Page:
3-way fridges

Submitted: Saturday, Mar 25, 2006 at 14:23
ThreadID: 32148 Views:2405 Replies:11 FollowUps:20
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Can anyone tell me the better 3-way fridge brands and their experience with them? Thanks.
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Reply By: J.T. - Saturday, Mar 25, 2006 at 14:57

Saturday, Mar 25, 2006 at 14:57
Have the big green 3 way chescold 39lt(I think).Quite bulky but really good on 12v when wired up with correct thickness wiring.Ours is 10 years old and we just had the gas jet replaced.Now also use ours as drinks fridge when not camping and gets about a month on a 9kg gas bottle.Would consider an engel in future but do like the gas option for long periods in the bush.
AnswerID: 162822

Follow Up By: Robv00 - Saturday, Mar 25, 2006 at 15:15

Saturday, Mar 25, 2006 at 15:15
Thanks JT, i was thinking about getting the chescold fridge freezer one, had an engel, was good, but sick of having to frig around with either sufficient battery charge or solar panels or whatever. The fossil fuel option sounds great for extended camping in the one spot. How do you go with pilot lights and so fourth? safe in the back of a parked car with good ventilation?
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Follow Up By: jamas - Sunday, Mar 26, 2006 at 08:43

Sunday, Mar 26, 2006 at 08:43
Robv00 - I would be scared to run a fridge on gas in the back of a car. The car would carry many litres of exlosive fuel and a naked flame could be deadly. When in the car, I would strongly recommend using the 12 volt option. It's an old cliche, but - "Better safe than sorry".
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Reply By: pjd - Saturday, Mar 25, 2006 at 14:59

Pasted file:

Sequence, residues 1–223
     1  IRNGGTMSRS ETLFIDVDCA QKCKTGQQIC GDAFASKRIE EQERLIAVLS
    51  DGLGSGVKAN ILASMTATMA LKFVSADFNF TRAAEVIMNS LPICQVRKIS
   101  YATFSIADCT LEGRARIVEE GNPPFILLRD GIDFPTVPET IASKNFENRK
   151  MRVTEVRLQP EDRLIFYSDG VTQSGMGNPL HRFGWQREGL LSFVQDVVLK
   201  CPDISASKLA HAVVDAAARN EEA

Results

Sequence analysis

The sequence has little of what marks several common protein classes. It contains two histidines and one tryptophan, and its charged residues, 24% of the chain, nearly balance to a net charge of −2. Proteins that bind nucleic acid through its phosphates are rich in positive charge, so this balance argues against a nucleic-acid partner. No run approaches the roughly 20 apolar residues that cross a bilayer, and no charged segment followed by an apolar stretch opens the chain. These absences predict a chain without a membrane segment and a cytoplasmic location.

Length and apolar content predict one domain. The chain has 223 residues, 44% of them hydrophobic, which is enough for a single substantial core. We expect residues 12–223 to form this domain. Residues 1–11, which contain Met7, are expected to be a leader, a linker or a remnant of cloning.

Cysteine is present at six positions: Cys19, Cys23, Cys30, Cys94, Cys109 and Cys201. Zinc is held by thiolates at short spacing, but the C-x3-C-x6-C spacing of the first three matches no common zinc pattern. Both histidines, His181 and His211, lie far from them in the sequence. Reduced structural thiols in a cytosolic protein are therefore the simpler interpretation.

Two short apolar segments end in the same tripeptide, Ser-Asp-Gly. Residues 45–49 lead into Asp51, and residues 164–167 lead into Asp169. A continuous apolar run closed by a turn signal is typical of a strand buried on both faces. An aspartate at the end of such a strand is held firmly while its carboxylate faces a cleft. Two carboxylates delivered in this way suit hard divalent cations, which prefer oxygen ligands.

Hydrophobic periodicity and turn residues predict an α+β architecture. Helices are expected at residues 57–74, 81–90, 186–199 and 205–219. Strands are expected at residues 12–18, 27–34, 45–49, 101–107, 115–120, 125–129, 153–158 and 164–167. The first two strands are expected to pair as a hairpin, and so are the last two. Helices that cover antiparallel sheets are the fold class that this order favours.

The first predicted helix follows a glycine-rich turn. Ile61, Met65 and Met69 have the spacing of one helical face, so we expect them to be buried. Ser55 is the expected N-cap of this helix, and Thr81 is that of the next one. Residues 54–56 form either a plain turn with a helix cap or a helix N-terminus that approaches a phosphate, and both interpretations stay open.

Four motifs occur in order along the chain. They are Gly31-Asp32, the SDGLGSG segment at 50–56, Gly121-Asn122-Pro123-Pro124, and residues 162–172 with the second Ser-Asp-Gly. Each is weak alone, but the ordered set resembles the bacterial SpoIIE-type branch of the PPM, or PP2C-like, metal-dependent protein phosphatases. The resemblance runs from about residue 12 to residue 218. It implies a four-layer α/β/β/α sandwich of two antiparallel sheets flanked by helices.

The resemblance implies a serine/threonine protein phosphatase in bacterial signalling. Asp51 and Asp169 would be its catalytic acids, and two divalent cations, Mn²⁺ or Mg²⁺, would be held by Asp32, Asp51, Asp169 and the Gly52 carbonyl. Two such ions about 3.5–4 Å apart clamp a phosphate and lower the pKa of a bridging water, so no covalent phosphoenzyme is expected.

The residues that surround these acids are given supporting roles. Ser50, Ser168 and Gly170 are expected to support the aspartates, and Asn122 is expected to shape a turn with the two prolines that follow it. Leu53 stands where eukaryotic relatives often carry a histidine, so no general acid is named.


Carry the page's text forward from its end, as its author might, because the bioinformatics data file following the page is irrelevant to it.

Saturday, Mar 25, 2006 at 14:59
there are not any that will work as good as a straight 12/24 volt unit
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Reply By: Mike Harding - Saturday, Mar 25, 2006 at 15:24

Saturday, Mar 25, 2006 at 15:24
Take a look at thread 30140.
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Follow Up By: Robv00 - Saturday, Mar 25, 2006 at 15:41

Saturday, Mar 25, 2006 at 15:41
Excellent, thanks Mike. So... have you bought a 3-way then?
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Follow Up By: Mike Harding - Saturday, Mar 25, 2006 at 15:52

Saturday, Mar 25, 2006 at 15:52
At the moment I'm still using my 33lt (or 39lt???) Finch 3 way. I shall probably buy the smaller (green, $1000) Electrolux but as I may be spending weeks (months) at a time in the bush before too long I'm evaluating my options (and it's damn painful! :) and may, but probably won't, make the change to a 12V fridge (Engel) but that means a better gen or solar panels and the complexity of keeping a battery charged etc. I like the simplicity of the gas fridge but I do need one which can freeze when it's 30+ and according to the people on 30140 the Electrolux can

Mike Harding
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Follow Up By: Pajman Pete (SA) - Saturday, Mar 25, 2006 at 16:39

Saturday, Mar 25, 2006 at 16:39
We bought our 50lt Chescold in Darwin 12 years ago to replace the esky/ice combo. It has done sterling service all around the top end and the rest of the country. Usual tips apply, start it on 240 before the trip and fill the freezer side with already frozen stuff. On 12V it works fine IF you have good cables to it. We have also put in a 12V fan to keep the air circulating when it has stuff packed around it.

In really hot weather it will keep stuff frozen and will freeze left overs overnight, but it did struggle in VIC last January when the temperature soared to 45. Seemed OK in the tropics, even in the wet, but keeping it level is critical and a wet towel on top on hot days helps.